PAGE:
King Kong

King Kong

An adventure film about a film crew in search of a monster on a remote island. The crew finds King Kong and decides to take him back to New York as a money making spectacle. The film is a masterpiece of Stop-Motion in filmmaking history and inspired a line of King Kong films.

A film crew goes to a tropical island for an exotic location shoot and discovers a colossal giant gorilla who takes a shine to their female blonde star. . You can read more in Google, Youtube, Wiki


King Kong torrent reviews

Matt B (br) wrote: Awesome movie regarding teenage angst and the desire to be free. Productive rebellion.

Troy K (de) wrote: I absolutely recommend this movie, but be prepared for something different besides just the culture clash of Korean society. It felt like there was something off about the movie as a whole that made it not great, but still very good.

Jairo A (es) wrote: Nothing special here: flat lines were delivered by the actors, VERY predictable in every way, even Hayek was flat in this one. It's not a terrible film, it's just a very forgettable one...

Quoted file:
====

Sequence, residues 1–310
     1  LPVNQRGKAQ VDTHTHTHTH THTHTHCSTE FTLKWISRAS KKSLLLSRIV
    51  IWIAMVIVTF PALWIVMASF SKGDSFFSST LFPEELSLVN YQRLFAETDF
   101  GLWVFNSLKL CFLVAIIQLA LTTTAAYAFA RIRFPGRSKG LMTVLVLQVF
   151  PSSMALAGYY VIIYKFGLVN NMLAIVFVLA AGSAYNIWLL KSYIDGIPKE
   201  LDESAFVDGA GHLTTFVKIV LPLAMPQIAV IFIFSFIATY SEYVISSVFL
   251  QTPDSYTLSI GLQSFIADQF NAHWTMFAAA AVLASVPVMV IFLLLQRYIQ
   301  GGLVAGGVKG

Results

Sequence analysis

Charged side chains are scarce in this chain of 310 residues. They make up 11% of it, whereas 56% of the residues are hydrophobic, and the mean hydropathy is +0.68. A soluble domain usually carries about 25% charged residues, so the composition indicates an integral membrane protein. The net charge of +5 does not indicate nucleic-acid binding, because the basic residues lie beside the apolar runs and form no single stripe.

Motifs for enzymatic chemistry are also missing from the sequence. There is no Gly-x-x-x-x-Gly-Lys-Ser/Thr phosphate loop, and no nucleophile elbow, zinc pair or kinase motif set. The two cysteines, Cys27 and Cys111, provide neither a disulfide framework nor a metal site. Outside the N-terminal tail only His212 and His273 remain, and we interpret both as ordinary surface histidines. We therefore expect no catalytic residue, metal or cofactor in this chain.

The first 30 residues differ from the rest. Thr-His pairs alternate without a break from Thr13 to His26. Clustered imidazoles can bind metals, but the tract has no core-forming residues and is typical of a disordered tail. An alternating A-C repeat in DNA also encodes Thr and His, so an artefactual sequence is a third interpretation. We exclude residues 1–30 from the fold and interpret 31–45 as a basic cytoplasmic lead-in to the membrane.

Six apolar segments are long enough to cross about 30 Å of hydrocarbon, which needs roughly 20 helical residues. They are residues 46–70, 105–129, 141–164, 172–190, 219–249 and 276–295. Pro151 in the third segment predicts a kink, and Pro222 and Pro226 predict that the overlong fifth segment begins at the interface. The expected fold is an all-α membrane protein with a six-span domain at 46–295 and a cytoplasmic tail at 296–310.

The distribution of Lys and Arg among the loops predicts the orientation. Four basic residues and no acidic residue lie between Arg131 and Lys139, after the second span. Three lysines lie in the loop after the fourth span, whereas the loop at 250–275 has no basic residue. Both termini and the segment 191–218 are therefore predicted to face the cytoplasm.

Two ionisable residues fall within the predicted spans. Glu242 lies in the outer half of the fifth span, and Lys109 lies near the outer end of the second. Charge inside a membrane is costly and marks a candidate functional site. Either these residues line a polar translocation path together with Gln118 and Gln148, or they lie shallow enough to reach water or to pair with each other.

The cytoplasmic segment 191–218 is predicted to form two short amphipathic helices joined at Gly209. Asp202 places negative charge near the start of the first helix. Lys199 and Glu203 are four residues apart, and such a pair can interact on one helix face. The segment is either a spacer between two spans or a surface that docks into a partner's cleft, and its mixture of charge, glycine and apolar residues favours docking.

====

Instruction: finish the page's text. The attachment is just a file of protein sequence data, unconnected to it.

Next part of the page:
Davey M (kr) wrote: A fifteen-year-old boy kneels in the dusty street of Tel Aviv, working on his car. A static wide shot??two riders quietly appear in the foreground on a motorcycle, ride past, and, mistaking him for someone else, they shoot the boy to death. The unexpectedness and arbitrariness of violence is a theme that runs throughout Ajami, the 2009 Academy Award-nominated crime drama from Israel??it is also a stylistic motif. After this abrupt opening (several more bloody shootings follow in the brief pre-credit sequence), every shot of a vehicle riding into frame fills the viewer with a certain uneasy dread. But though there will be many more deaths to come, there??s never another driveby??and, without the release of expected gunfire, the dangerous tension is allowed to escalate. Ajami is a film about violence that cannot be entirely avoided because it cannot be sufficiently explained. The characters are Muslim, Jewish, and Christian, and yet most of the deaths result not from clashing ideologies, but from that great staple of classical tragedy??misunderstanding. Ajami follows a diverse group of characters through a series of interlocking stories (the film is divided into chapters and jumps about chronologically??the result feels something like an Inarritu film by way of Pulp Fiction). At the heart of the story is Omar, the nineteen-year-old the cyclists had intended to kill in their vendetta for a crime Omar himself did not commit??his uncle shot a man who came into his diner wielding a gun. In one of the film??s early chapters, the two families argue in front of the judge??was it murder? Self defense? The judge doesn??t want to get involved and, after settling a debt for Omar??s family, he passes judgment off to God??and, though a settlement has been reached, no peace has been made by the time the meeting ends. Though the filmmakers deftly avoid any heavy-handed political allegory, the implications are certainly there for those willing to look. Omar, a Muslim, is carrying on a forbidden love affair with Hadir, a young Christian, whose father is trying to smooth things over for Omar and his family. A friend of Omar??s, Binj, is rejected by his community for carrying on with a Jewish girl. Melek, an illegal Palestinian worker, is desperate to get money for his mother??s operation??even if it means becoming a drug dealer. Dando, an Israeli policeman, tries to find his missing brother. Each of these characters form the focus of one of the film??s chapters, and each of their stories bleeds into one another in a jumbled chronology that??s hard to articulate, but surprisingly coherent in the context of the film??we have a sense of where we are, even if we??d be hard-pressed to actually explain it. All the stories come spilling together into a climax that manages to arrive with cloud-gathering, punch-in-the-gut inevitability even as it subverts our expectations. As powerful as the film itself is the story behind the film. Ajami was co-written and co-directed by Scandar Copti (who also appears in front of the camera as Binj), an Israeli Palestinian, and Yaron Shani, an Israeli Jew??all of its stars are non-actors who went through a year??s worth of improvisation and workshopping to come up with the eventual script. The resulting authenticity lifts Ajami above many of the films it so closely resembles (Crash, Babel, etc.), and the story of the filmmakers?? cross-cultural bridge-building adds a quietly inspirational meta-narrative to the grim proceedings of the plot. The characters in Ajami are doomed by circumstances and subjectivity??victims of missed connections and miscommunication. They are doomed for not knowing the whole story. But, as Shani and Copi??s collaboration demonstrates, if tragedy is to be avoided it is through coming together in open dialogue. Such a simple solution to such a major world problem may not be entirely insufficient, and it is certainly not new, but there is power in it??and it may be the only hope.